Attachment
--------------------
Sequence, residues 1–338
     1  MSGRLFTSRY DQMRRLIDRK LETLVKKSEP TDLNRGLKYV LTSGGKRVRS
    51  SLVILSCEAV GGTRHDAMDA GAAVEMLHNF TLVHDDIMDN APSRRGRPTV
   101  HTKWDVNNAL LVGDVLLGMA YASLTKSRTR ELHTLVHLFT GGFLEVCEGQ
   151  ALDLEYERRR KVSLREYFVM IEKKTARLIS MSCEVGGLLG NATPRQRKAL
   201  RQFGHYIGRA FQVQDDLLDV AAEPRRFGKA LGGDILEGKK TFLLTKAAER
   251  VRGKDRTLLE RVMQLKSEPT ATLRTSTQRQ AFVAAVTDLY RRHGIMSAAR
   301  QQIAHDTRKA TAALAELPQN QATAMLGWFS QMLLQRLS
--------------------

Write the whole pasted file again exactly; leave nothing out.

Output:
Sequence, residues 1–338
     1  MSGRLFTSRY DQMRRLIDRK LETLVKKSEP TDLNRGLKYV LTSGGKRVRS
    51  SLVILSCEAV GGTRHDAMDA GAAVEMLHNF TLVHDDIMDN APSRRGRPTV
   101  HTKWDVNNAL LVGDVLLGMA YASLTKSRTR ELHTLVHLFT GGFLEVCEGQ
   151  ALDLEYERRR KVSLREYFVM IEKKTARLIS MSCEVGGLLG NATPRQRKAL
   201  RQFGHYIGRA FQVQDDLLDV AAEPRRFGKA LGGDILEGKK TFLLTKAAER
   251  VRGKDRTLLE RVMQLKSEPT ATLRTSTQRQ AFVAAVTDLY RRHGIMSAAR
   301  QQIAHDTRKA TAALAELPQN QATAMLGWFS QMLLQRLS